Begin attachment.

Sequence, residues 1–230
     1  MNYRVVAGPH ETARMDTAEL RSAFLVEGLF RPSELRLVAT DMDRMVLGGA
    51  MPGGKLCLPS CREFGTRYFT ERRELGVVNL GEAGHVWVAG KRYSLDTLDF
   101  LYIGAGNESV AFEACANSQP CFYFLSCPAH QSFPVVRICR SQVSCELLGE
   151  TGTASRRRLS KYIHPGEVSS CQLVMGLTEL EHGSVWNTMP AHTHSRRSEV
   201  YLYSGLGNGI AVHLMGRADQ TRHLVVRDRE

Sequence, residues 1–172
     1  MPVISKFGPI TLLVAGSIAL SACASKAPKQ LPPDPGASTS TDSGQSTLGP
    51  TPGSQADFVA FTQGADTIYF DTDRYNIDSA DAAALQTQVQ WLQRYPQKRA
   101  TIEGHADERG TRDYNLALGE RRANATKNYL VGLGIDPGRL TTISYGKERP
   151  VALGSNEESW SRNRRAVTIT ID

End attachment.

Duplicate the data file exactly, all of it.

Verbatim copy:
Sequence, residues 1–230
     1  MNYRVVAGPH ETARMDTAEL RSAFLVEGLF RPSELRLVAT DMDRMVLGGA
    51  MPGGKLCLPS CREFGTRYFT ERRELGVVNL GEAGHVWVAG KRYSLDTLDF
   101  LYIGAGNESV AFEACANSQP CFYFLSCPAH QSFPVVRICR SQVSCELLGE
   151  TGTASRRRLS KYIHPGEVSS CQLVMGLTEL EHGSVWNTMP AHTHSRRSEV
   201  YLYSGLGNGI AVHLMGRADQ TRHLVVRDRE

Sequence, residues 1–172
     1  MPVISKFGPI TLLVAGSIAL SACASKAPKQ LPPDPGASTS TDSGQSTLGP
    51  TPGSQADFVA FTQGADTIYF DTDRYNIDSA DAAALQTQVQ WLQRYPQKRA
   101  TIEGHADERG TRDYNLALGE RRANATKNYL VGLGIDPGRL TTISYGKERP
   151  VALGSNEESW SRNRRAVTIT ID